Syrena then focuses on another man named Mr. D, and soon obtains 50 pounds from Mr. D as a sign of his devotion.  Ann meets with Mr. D to prevent Mr. D from going to the other woman whom Mr. D is courting, named Maria, in Lincolnshire. Ann sends an anonymous letter to Maria warning that Mr. D is betrothed to another woman.  Mr. D writes a letter to Syrena and Ann declaring the relationship over, but Syrena goes to his home in London and claims to be pregnant with Mr. D's son so that he will keep her as a mistress for 3 pounds a week, plus an up front bonus of twenty guineas.  Maria writes Mr. D an anonymous letter revealing the Tricksy's deceit.
Syrena goes to a ball and tries to lure a man named Lord R. who discerns her intentions to extort him and reprimands her.  Under the guise of escaping a rapist, Syrena runs into an empty shop and begins a relationship with the Mercer who owns the shop.  The Mercer has an invalid wife and is charmed by Syrena.  Syrena meets another man who writes to Syrena from jail asking for 100 pounds to bail him out of jail.  Syrena tells the Mercer that her father is in jail and obtains 100 pounds from the Mercer who is informed by a spectating coachman that Syrena is not a faithful woman.  The Mercer goes to Syrena that night and tells her that she will not deceive him again.  Afterward, the Mercer plans to commit suicide with a pistol but instead only grazes his head with a bullet, and moves to the countryside.  Syrena's lover attempts to extract more money from her so she goes back to Lord R. who makes her his lover and gives her a bonus of 50 pounds with a salary of 10 guineas per week.  Syrena catches an unnamed Sexually Transmitted Disease from Lord R, and must spend all of the money he gave her for medical treatment, and Lord R severs his contract with Syrena.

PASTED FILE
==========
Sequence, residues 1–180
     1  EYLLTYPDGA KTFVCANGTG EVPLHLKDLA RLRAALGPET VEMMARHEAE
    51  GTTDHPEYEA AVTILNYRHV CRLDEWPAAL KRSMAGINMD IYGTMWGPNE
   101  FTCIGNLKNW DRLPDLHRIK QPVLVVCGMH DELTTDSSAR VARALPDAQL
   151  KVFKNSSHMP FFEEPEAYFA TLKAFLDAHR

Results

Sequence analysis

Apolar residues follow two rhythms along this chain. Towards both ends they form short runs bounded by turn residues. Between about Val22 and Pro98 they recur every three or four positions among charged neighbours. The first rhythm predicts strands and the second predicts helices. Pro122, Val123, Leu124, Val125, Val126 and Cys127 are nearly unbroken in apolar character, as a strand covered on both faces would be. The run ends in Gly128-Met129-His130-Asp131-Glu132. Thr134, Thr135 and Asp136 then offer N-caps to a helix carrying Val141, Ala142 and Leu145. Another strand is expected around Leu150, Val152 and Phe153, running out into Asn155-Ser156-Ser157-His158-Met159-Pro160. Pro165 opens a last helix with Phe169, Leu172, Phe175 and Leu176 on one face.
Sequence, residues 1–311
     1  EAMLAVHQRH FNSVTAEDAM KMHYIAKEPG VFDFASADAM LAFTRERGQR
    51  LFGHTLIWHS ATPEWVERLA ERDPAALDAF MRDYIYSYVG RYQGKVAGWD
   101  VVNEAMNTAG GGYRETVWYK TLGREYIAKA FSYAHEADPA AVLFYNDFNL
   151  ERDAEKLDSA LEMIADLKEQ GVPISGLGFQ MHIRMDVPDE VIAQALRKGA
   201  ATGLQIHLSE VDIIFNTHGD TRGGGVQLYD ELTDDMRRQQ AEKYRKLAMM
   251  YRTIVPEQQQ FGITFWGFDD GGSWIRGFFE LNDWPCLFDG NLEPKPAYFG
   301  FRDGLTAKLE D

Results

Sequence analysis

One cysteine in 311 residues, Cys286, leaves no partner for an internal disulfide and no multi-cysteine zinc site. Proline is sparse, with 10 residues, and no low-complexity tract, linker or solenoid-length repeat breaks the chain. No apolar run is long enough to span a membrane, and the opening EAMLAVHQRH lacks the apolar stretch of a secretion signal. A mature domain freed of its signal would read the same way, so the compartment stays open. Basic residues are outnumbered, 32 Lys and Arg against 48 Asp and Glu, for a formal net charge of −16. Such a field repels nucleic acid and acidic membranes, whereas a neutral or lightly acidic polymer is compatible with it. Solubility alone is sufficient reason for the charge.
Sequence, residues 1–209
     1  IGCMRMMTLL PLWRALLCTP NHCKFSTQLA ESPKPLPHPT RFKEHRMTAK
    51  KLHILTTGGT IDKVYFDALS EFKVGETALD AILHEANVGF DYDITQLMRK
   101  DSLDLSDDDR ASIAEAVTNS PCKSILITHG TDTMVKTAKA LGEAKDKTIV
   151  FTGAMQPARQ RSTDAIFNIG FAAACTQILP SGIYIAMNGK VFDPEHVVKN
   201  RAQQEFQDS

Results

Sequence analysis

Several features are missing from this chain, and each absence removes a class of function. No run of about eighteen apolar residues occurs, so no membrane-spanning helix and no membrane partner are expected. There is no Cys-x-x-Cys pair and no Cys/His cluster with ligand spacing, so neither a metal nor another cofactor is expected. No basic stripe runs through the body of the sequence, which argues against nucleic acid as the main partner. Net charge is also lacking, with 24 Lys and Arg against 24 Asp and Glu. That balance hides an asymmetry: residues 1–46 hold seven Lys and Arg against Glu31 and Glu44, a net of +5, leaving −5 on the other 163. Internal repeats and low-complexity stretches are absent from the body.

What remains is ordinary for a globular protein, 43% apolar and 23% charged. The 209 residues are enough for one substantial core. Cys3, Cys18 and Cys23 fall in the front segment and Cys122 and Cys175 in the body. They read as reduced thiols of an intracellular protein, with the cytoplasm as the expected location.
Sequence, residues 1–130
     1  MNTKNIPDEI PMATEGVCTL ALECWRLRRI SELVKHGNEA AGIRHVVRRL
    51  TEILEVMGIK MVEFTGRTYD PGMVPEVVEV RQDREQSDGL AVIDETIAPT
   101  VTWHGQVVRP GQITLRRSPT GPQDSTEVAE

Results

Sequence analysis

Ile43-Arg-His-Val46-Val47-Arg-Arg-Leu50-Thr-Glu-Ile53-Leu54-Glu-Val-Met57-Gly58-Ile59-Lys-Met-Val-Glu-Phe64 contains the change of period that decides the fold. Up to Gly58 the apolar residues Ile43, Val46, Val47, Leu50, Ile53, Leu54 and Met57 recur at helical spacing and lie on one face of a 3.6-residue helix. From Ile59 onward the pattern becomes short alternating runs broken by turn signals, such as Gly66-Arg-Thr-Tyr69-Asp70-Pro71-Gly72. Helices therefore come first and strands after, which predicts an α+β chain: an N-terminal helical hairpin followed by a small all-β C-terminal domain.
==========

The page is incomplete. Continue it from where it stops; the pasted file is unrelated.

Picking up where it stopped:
Syrena meets an old man named Mr. W who invites Syrena to live with him at his rural estate.  When Syrena gets there, Mr. W does not let her sit with his wealthy guests, but does not seat her with the servants, either, deeming both situations inappropriate.  Syrena told Mr. W that she was previously married to a man who died 18 months prior.  Mr. W kisses Syrena, and breaks down in tears, professing his love for her.  Ann writes Syrena a letter explaining that a man named Mr. Smith is madly in love with Syrena, and encourages Syrena to devote her attentions to Mr. Smith.  Shortly after, Syrena gets a letter from a man named Harriot Manly to whom Syrena has claimed to be a widow.  Mr. W learns of Mr. Smith's offer, and proposes marriage to Syrena.  Shortly after, Mr. W's son comes to visit and claims that Syrena is extorting Mr. W, and Syrena is banished from Mr. W's home.